In my many travels I have been exposed to danger from rivers, danger from robbers, danger from my own people, danger from Gentiles, danger in the city, danger in the desert, danger at sea, danger from false brothers.
I have toiled and endured hardship, often not had enough sleep, been hungry and thirsty, frequently gone without food, been cold and naked.
And besides these external matters, there is the daily pressure of my anxious concern for all the congregations.
One can only imagine what was going through Hananyah’s mind as he contemplated Christ’s words that Paul would take the Jewish Gospel to Gentiles. And this had to be perhaps the most incomprehensible (probably the most upsetting) part of what he heard in his vision.
Why would the gentiles want a Jewish Messiah and why would the Jews want to share their Messiah with their oppressors? Nonetheless, Hananyah obeyed, went in and laid his hands on Paul, and Paul’s sight returned. His blessing upon Sha’ul was in the name of Yeshua, the same one who took Paul’s sight away from him a few days earlier.
But now comes an issue; Hananyah’s laying on of hands also resulted in Paul receiving the Holy Spirit. So we are left to assume that Paul had already come to believe in Yeshua (although we are not directly told this), probably during his prayer and fasting.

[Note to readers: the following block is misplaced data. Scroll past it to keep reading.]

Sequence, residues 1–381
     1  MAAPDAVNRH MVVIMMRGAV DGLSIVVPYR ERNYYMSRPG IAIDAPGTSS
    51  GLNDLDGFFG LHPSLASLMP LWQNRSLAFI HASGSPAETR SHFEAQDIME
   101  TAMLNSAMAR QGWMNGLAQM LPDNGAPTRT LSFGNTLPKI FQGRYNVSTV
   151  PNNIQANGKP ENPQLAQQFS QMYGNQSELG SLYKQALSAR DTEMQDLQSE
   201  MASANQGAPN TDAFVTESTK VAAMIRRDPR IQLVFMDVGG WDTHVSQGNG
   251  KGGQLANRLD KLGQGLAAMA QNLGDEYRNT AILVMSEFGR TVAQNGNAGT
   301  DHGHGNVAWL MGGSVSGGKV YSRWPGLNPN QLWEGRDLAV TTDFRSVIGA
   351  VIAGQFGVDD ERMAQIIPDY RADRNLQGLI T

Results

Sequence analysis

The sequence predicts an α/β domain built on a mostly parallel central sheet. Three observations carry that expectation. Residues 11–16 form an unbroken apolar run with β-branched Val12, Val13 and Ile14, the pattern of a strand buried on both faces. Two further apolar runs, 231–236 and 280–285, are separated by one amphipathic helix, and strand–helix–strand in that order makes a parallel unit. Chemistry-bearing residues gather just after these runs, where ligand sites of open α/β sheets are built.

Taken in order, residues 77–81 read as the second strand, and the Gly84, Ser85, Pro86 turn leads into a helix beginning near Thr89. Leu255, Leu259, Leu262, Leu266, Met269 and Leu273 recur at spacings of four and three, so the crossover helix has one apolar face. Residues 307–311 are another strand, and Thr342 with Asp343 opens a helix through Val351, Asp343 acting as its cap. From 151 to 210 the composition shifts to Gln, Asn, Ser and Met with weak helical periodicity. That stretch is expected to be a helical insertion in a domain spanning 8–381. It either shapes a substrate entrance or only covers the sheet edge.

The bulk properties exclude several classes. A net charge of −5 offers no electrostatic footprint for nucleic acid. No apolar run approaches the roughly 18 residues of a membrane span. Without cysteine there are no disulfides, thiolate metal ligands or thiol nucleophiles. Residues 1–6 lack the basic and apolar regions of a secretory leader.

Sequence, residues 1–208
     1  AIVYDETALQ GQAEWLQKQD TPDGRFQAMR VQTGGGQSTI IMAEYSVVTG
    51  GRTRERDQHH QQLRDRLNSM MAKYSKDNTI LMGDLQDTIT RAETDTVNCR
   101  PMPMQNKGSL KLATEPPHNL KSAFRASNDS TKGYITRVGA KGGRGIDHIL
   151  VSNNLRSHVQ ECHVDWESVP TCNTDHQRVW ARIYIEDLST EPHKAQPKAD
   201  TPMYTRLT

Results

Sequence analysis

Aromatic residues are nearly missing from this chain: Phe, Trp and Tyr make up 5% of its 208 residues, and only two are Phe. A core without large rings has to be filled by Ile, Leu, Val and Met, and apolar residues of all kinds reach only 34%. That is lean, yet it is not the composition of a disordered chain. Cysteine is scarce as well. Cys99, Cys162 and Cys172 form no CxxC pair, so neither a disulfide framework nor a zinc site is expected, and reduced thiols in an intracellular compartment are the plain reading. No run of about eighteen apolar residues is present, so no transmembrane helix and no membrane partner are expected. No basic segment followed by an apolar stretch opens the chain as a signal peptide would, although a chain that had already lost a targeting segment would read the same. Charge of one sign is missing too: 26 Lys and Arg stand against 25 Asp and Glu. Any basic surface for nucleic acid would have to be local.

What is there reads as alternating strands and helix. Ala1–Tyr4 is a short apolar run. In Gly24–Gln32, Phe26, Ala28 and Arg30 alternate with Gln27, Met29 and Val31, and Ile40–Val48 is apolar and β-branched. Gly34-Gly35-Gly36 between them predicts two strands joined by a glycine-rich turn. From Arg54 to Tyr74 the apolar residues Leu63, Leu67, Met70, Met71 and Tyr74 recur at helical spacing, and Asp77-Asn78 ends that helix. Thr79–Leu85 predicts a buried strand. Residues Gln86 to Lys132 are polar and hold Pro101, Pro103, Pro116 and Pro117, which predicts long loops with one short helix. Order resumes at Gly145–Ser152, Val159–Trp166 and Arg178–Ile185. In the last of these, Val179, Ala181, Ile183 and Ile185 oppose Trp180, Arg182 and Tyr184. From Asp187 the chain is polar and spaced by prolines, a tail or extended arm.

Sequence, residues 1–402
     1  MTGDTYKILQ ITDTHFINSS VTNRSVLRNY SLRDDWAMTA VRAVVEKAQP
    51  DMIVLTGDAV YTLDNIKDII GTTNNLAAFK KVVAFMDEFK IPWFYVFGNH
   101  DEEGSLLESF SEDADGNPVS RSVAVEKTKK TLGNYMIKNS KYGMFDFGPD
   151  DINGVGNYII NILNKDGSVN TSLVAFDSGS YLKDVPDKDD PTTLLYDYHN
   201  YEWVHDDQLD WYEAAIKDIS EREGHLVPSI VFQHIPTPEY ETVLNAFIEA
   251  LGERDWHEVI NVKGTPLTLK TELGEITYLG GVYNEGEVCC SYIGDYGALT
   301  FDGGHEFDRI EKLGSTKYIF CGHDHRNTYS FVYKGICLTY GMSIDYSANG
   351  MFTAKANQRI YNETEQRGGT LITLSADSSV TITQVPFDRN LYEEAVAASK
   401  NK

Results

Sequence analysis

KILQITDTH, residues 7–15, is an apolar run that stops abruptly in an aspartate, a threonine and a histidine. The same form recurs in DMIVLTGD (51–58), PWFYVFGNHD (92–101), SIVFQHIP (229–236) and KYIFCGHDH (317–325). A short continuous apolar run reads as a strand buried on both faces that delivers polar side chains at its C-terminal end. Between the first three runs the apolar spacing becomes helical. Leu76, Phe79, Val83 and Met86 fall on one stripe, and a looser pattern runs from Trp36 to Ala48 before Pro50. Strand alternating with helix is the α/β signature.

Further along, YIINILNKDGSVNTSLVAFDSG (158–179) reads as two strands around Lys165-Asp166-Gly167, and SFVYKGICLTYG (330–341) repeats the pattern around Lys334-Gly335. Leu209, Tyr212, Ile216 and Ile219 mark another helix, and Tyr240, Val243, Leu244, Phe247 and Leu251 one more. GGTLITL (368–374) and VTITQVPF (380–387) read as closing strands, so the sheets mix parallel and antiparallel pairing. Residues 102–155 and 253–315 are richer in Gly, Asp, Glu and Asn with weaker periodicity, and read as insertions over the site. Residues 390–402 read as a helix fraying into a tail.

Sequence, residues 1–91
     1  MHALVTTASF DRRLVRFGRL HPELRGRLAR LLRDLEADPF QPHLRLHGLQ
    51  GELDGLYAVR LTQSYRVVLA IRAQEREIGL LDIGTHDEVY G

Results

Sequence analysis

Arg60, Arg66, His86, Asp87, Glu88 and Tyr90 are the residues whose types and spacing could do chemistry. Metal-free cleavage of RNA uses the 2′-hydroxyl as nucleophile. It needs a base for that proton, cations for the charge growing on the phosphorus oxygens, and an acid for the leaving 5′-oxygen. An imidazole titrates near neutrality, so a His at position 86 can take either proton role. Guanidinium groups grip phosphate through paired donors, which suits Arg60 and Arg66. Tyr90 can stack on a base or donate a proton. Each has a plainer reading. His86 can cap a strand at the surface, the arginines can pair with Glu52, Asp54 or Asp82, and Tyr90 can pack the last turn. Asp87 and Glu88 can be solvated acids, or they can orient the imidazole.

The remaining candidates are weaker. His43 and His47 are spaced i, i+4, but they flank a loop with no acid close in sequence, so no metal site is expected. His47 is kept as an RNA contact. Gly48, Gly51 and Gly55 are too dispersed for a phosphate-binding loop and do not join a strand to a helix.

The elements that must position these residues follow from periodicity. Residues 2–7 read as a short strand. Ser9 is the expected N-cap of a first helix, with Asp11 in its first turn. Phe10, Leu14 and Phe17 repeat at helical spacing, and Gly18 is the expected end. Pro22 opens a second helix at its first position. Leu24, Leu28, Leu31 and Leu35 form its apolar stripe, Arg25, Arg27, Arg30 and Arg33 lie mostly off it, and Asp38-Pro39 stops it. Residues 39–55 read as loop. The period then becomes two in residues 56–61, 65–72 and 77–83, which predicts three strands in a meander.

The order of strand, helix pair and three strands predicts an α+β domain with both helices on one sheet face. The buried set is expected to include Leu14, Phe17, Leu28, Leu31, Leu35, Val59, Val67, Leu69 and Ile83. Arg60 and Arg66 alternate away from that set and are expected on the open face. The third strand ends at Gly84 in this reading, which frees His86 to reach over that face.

So sometime after coming to faith, but before immersion, the Holy Spirit comes to indwell Paul but only with the laying on of hands. And along with the indwelling of the Spirit comes healing.
My belief is that the end of his physical blindness was a real and living witness to the end of his spiritual blindness; otherwise, the physical blindness doesn’t seem to have had a discernable purpose.
We have discussed the issue of the connection between faith, baptism and the Holy Spirit before. But the point I want to draw today is that while Christian denominations will often insist upon an individual authorized sequence of baptism and how the indwelling of the Holy Spirit MUST happen and does happen.
In fact, what we have seen up to now in the Book of Acts, and will discern in upcoming chapters, is that there is no consistent divine formula or sequence; it can happen in any number of ways.
- Sometimes long intervals can occur between steps;
- Sometimes it all happens immediately.
- Sometimes it involves the intervention of another;
- Sometimes it all happens in private.
The Lord is sovereign, and He will deal with us as individuals and on His terms.
The healing Paul experiences are as though scales fell from his eyes. There is no reason to take this as an expression; some flaky substance covered over his eyes for several days and then all at once fell off.
The healed, saved, prepared Paul is now ready for God to begin to mold him and shape him. Paul ends his fast and starts eating and drinking again to regain his strength.